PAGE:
With Pure’s portfolio expanded down to the lower reaches of the data centre, and flash reaching that long-sought price parity in that environment, both Pure and their partners think the potential for significant growth has arrived.
LAS VEGAS – On Tuesday, Pure Storage held their Global Partner Forum in an environment that allowed the company to highlight new opportunities for the channel. Pure’s extension of their FlashArrays further downmarket lets them sell into pretty much all of the data centre, and gives them a counter against competitor arguments that they are a niche offering for high-end mission critical applications. The continuing fall in the price of flash has reached the point where Pure can offer a price point of 20 cents per GB raw. These add up to greatly expanded opportunities in which partners can avoid being priced out of data centre business, and Pure wants them to take advantage of this by doing things like selling to more new customers and expanding their services capabilities.
“With the introduction of our new products over the last six months, partners will now be able to address all market segments,” said Wendy Stusrud, Vice President of Global Partner Sales at Pure. “They won’t have to walk away from business.”
Partners who serve more SMB-heavy areas still have some questions how this will play out, but Pure is emphasizing that the overarching price and technology trends will lean even more in their favour going forward.
Geoff Greenlaw, Vice President Partners for EMEA and LatAm, said that many partners in his areas thought the entry point for an all-flash data centre may still be a little high.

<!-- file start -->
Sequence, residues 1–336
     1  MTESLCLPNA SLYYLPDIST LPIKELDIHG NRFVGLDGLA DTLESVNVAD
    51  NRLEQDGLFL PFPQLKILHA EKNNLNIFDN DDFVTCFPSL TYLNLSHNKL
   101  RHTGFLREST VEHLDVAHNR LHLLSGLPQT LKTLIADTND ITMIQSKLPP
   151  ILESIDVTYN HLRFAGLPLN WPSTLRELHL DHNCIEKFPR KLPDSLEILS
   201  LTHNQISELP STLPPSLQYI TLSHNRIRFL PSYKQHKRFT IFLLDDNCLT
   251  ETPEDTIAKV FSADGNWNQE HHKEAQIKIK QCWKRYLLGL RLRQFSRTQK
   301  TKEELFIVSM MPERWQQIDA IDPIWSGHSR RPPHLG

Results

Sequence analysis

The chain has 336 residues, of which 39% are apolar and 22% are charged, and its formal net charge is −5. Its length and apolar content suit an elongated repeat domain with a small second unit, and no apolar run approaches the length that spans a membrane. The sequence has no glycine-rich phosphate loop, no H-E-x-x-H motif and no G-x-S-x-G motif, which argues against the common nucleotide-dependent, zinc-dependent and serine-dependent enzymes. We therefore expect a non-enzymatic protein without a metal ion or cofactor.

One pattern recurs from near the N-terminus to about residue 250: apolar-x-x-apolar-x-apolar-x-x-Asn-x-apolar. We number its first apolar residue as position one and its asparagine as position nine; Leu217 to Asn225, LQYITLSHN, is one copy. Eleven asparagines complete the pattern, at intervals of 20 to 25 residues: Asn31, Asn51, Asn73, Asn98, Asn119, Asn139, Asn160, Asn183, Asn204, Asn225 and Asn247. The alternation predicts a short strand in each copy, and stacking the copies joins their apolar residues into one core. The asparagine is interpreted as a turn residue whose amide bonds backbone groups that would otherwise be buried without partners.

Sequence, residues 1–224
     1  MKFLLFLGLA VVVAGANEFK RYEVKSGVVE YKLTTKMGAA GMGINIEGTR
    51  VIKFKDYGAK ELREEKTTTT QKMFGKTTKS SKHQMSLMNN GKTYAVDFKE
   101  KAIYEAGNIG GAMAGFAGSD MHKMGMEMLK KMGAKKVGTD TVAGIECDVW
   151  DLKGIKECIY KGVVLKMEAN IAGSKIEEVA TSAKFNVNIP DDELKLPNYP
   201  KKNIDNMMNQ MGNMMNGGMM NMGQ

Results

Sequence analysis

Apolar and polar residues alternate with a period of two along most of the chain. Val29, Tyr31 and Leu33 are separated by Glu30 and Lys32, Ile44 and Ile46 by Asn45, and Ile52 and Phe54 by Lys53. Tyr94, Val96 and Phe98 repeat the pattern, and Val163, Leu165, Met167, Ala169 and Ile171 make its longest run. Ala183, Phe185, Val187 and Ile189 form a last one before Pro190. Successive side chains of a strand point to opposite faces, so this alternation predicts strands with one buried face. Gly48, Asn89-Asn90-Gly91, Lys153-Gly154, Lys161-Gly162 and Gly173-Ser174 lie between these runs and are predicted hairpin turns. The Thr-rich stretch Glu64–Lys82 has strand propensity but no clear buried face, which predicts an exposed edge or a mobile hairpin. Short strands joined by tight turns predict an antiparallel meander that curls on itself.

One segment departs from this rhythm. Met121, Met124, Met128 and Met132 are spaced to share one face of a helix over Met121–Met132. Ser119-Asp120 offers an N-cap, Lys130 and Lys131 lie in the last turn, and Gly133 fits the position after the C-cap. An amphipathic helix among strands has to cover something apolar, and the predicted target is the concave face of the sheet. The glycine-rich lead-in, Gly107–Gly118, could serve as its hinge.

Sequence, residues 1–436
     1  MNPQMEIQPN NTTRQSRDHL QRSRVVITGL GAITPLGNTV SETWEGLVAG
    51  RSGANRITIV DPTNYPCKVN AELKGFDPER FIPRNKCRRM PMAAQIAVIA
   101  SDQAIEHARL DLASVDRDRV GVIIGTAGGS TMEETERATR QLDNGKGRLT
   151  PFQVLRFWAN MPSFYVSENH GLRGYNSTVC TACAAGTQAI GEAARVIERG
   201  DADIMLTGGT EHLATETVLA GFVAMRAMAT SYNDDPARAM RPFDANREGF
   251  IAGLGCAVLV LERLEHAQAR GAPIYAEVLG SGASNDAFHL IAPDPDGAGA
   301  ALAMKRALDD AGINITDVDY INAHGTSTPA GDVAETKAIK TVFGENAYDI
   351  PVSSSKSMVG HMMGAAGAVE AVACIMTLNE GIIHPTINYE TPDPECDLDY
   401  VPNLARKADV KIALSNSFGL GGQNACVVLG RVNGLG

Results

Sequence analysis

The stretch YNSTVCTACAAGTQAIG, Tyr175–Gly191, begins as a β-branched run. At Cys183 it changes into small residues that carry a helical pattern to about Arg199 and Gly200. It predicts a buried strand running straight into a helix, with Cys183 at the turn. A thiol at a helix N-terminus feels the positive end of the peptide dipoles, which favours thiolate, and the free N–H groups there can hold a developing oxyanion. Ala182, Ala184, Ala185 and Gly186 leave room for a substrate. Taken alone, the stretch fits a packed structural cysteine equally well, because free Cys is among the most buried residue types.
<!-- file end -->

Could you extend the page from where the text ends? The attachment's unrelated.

“There were concerns that entry level of about 1 PB could still be too high for the EMEA and LatAm market,” he said. “Over time, however, we will see a further reduction in the entry level. The cost of flash is continuing to decrease rapidly over time. Customers are also moving from CAPEX to OPEX, which is clean and easy to understand and sell.”
“There are opportunities we haven’t been invited to in the past,” said Andrew Fisher, Vice President Partners for Asia Pacific and Japan. “We were considered Tier One high-value workload, and maybe too expensive for some data centres. The changes we have made to the portfolio open up all-flash to everything that in the data centre.”
Greenlaw emphasized that you can’t just look at the cost of storage capacity itself, and that Pure committing to a specific and low price point was also important.
“This is the first time we publicly declared our price point, at 20 cents per GB,” he said. “We’ve never said that before. We’ve also never been so relevant because of our lower requirements for power and cooling. It takes 130 million gallons of water a year to cool a data centre. That is not sustainable.”
Stusrud indicated that they asked partners to double down to take advantage of these opportunities.
“Our channel strategy is always focused on growth,” she said. “We will tweak our marketing campaigns to uncover new opportunities together. That channel audience has a lot of experience selling flash arrays, but we want them to sell more besides this, The expansions of the portfolio opens up new parts of the market and lets them sell more to more customers.”
In particular, they emphasized how many partners should now be able to create or expand their services business.
“We challenged partners around how they can build a services capability to complement what we have been building,” Stusrud said. “We are really bullish on managed services, which will augment the recurring revenue partner opportunity. Of the partner routes to market, some, like GSIs and MSPs, in many cases, only have a managed services offering. Some others were also offering managed services and we were helping them be creative. A lot of our resellers are also doing this already, but maybe not with Pure. We want to make sure they deal with us as part of their managed services.”